In Major League Baseball, cries of foul play erupted over the already-infamous Mookie Betts trade from Boston’s Red Sox to the LA Dodgers. Why would Boston give up a star – actual two stars (David Price) – for a pu-pu platter of nothing in return.
All this makes me laugh. Have sports fan forgotten one of the wealthiest owners in baseball, and among the first to embrace “Moneyball” is John Henry, the Red Sox chairman, and 3-time World Series champion. As a kid, Mr. Henry suffered from an acute illness; so, he’d look out the window at other boys playing. Forlorn, he’d study math & science & computers to pass the time.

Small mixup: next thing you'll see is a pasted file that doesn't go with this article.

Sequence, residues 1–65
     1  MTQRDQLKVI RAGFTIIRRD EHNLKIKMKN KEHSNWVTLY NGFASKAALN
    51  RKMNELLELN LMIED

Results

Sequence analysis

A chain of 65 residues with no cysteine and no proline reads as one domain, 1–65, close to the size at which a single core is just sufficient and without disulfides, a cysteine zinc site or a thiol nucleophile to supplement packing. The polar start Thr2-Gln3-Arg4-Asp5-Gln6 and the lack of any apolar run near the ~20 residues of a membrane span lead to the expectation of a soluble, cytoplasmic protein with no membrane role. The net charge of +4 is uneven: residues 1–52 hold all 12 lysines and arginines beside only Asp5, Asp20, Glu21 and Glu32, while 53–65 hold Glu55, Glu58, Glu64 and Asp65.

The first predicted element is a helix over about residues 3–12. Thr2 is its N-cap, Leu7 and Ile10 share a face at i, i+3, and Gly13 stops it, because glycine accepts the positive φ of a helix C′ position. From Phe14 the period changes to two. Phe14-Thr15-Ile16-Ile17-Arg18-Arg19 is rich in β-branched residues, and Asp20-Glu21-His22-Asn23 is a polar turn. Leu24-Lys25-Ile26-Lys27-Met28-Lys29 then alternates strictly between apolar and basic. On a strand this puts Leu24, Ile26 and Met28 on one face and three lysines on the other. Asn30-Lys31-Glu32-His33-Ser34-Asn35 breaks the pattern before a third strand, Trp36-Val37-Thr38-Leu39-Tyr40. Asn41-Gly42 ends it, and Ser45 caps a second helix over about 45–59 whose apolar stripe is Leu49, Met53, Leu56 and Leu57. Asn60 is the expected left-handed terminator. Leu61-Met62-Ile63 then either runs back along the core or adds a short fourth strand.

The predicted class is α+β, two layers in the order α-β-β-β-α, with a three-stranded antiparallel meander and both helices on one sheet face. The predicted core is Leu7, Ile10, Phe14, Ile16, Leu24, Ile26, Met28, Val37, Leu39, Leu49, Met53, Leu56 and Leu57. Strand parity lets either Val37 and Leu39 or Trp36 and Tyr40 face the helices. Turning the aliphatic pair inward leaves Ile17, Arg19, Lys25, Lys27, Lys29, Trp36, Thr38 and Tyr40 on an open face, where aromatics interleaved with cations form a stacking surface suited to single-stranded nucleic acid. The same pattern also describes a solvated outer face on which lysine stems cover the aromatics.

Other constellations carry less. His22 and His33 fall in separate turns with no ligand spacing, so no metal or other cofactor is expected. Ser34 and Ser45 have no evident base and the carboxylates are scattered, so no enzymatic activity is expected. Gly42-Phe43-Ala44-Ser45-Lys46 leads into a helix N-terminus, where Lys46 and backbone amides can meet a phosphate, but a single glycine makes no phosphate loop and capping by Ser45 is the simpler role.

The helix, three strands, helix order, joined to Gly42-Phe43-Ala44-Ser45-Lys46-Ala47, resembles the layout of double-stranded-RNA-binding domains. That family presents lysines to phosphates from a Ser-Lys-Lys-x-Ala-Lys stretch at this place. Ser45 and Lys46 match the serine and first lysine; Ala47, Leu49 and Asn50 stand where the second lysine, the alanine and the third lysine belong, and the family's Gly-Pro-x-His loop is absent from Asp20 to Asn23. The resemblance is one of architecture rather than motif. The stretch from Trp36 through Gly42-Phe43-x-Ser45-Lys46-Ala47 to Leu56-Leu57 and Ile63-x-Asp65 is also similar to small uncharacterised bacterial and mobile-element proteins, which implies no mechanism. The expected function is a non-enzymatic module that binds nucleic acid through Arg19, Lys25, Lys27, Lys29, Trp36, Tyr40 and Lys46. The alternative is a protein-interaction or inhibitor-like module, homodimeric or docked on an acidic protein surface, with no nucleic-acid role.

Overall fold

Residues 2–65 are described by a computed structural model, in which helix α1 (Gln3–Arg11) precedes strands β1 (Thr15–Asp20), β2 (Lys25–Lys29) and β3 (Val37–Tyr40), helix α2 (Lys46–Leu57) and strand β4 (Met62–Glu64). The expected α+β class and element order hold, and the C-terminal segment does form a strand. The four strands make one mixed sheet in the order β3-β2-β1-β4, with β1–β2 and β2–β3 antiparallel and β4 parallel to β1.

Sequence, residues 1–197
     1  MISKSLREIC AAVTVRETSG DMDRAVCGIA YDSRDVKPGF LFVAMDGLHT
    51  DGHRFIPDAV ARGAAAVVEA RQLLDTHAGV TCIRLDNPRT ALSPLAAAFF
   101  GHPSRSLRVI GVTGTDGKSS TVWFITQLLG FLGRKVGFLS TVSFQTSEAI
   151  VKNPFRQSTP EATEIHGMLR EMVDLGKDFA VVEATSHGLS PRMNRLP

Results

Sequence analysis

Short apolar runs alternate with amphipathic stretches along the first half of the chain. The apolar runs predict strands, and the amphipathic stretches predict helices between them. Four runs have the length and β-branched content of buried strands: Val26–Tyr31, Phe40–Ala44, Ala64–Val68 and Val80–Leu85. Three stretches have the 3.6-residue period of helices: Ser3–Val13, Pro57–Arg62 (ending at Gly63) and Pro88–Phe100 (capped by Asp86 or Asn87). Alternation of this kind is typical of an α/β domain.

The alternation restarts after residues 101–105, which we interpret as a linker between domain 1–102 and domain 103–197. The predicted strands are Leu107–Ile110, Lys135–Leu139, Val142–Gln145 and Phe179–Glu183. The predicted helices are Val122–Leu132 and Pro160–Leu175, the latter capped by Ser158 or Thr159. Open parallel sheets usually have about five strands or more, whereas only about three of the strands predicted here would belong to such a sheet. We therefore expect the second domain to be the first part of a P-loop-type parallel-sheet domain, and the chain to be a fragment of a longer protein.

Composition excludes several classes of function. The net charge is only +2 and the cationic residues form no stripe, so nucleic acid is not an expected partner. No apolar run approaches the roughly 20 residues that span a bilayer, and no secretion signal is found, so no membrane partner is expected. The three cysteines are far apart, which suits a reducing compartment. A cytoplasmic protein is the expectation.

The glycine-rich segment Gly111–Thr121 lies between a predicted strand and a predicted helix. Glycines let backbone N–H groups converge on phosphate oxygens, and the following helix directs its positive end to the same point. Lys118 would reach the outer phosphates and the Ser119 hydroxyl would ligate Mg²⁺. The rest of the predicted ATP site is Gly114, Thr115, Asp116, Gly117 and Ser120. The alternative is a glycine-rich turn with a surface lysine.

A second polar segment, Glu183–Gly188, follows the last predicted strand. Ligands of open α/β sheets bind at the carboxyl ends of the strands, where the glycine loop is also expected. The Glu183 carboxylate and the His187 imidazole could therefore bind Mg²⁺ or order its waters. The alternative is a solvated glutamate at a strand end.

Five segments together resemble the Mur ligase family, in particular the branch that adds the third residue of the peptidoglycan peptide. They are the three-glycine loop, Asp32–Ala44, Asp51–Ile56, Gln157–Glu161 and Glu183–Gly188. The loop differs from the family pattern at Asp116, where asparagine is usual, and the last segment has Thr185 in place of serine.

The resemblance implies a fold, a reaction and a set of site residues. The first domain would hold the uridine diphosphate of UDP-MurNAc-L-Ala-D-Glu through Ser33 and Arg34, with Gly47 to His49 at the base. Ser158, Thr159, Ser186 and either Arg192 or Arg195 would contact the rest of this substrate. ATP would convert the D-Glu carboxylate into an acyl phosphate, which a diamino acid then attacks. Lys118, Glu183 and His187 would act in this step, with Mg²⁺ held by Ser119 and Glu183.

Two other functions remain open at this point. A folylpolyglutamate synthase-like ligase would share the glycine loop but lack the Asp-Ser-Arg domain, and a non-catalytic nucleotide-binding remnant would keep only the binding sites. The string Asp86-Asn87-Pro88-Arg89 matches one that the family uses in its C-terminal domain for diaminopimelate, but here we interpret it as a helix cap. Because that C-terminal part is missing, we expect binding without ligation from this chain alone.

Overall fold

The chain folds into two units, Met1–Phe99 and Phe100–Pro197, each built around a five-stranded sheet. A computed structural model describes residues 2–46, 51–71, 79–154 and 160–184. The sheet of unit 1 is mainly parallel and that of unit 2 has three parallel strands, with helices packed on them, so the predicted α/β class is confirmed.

Today, Mr. Henry is a billionaire; he still watches young men play baseball – from his executive suite. He sees Mike Trout having dominated baseball for a decade & having won zero rings. No finals appearances; or semi-finals. Allocating 1/3 of your payroll to one star, and incurring the luxury tax, isn’t money well spent, according to some. Optics aside, mind you. Team sports require more than a star or two.
Regardless of your industry, data matters. It’s passé to simply acknowledge the importance of numbers in every decision you make. The real question to examine is: are you looking at the proper outputs; and what are those.
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